Money and Partnerships Matter in Cybersecurity

Updated: Oct 21


EXPERT PERSPECTIVE – The White House’s recent announcement of a Strategic High-Level Dialogue on Technology with Israel and the Jerusalem U.S.-Israel Strategic Partnership Joint Declaration that was issued as President Biden visited the region last month, are meant to significantly improve bilateral collaboration on cybersecurity but what do they really mean?


The Joint Declaration includes commitments to an “operational cyber exchange” and to combating cybercrime while the Dialogue on Technology explains that the project will address key global challenges that include pandemic preparedness, climate change, implementation of artificial intelligence, and trusted technology ecosystems.


These initiatives build on similar efforts by the U.S. Department of Homeland Security’s (DHS) Science and Technology Directorate and its Israeli counterpart, the Israel National Cyber Directorate. The two agencies recently announced a new bilateral cyber program to be housed within the Israel-U.S. Binational Industrial Research and Development (BIRD) Foundation, a longstanding program that facilitates collaboration in a range of fields, including homeland security.


The new BIRD Cyber program invites participants to partner with companies and institutions to submit proposals that would improve the cyber resilience of critical infrastructure. Qualifying projects will receive a grant to address cybersecurity issues ranging from piloting “resilience centers” for small and medium enterprises to providing real-time risk assessments of critical infrastructure.


This scientific and technological cooperation with Israel and other allies improves Washington’s defense technologies and enhances the abilities of U.S. partners to boost their capabilities amid increased cyber risks. The new bilateral initiatives also signal unity in addressing cyber threats from shared adversaries like Iran, China, Russia, and North Korea. Information sharing and capacity building programs likewise help the global community enforce responsible state behavior in cyberspace.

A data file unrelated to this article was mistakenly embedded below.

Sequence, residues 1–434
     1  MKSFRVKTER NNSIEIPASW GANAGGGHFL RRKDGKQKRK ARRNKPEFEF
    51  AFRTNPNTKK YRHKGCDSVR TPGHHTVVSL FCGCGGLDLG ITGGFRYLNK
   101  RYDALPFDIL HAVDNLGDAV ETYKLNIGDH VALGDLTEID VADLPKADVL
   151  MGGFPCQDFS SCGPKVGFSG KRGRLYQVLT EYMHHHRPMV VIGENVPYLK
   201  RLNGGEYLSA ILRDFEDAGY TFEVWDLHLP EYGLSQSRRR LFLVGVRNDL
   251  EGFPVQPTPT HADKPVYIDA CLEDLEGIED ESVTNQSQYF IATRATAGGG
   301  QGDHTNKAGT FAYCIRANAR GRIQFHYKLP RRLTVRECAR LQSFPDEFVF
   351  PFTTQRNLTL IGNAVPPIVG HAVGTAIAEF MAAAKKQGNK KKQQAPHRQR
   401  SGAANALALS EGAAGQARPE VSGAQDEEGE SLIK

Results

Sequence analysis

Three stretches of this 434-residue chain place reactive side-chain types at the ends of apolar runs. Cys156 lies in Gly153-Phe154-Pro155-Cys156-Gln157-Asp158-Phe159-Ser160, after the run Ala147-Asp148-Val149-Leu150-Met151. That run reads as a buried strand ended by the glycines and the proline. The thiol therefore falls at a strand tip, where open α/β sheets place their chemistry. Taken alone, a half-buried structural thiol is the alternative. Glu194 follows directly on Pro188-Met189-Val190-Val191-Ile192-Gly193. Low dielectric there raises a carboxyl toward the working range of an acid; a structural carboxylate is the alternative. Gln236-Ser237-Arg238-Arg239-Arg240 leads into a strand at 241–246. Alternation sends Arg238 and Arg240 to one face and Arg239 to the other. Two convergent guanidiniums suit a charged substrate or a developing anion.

President Biden specifically warned last month, about an increase in malicious Russian cyber activities targeting the U.S. and its allies and partners due to “unprecedented economic costs” imposed on Russia following the invasion of Ukraine. He emphasized the need for “creating innovative public-private partnerships” to address the threat to the critical infrastructures of both America and Israel.


While these measures demonstrate Washington’s willingness to work with allies and partners in the region, Congress can further strengthen America’s commitment by taking legislative action.


For example, the U.S.-Israel Cybersecurity Cooperation Enhancement Act — authorized in section 1551 of the National Defense Authorization Act for Fiscal Year 2022 (FY22 NDAA) — establishes a bilateral cyber cooperation program that provides grants for cybersecurity research and development. Congress should fully fund this program, which both builds on existing U.S.-Israel cyber cooperation programs such as BIRD’s and fosters innovative solutions to protect U.S. critical infrastructure.


Robust bilateral cooperation with trusted allies will ensure that the U.S. maintains a competitive edge as adversaries enhance their malicious cyber capabilities. Fully resourcing cooperative cyber defense programs should be a priority for Congress and the Biden administration.


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Rear Adm. (Ret.) Mark Montgomery is a senior director at the Center on Cyber and Technology Innovation (CCTI) at the Foundation for Defense of Democracies, where he is also a senior fellow. He directs CSC 2.0, which works to implement the recommendations of the congressionally mandated Cyberspace Solarium Commission, where he previously served as executive director. Follow him on Twitter @MarkCMontgomery


Jiwon Ma is a program analyst at CCTI, where she contributes to the CSC 2.0 project. Follow her on Twitter @jiwonma_92.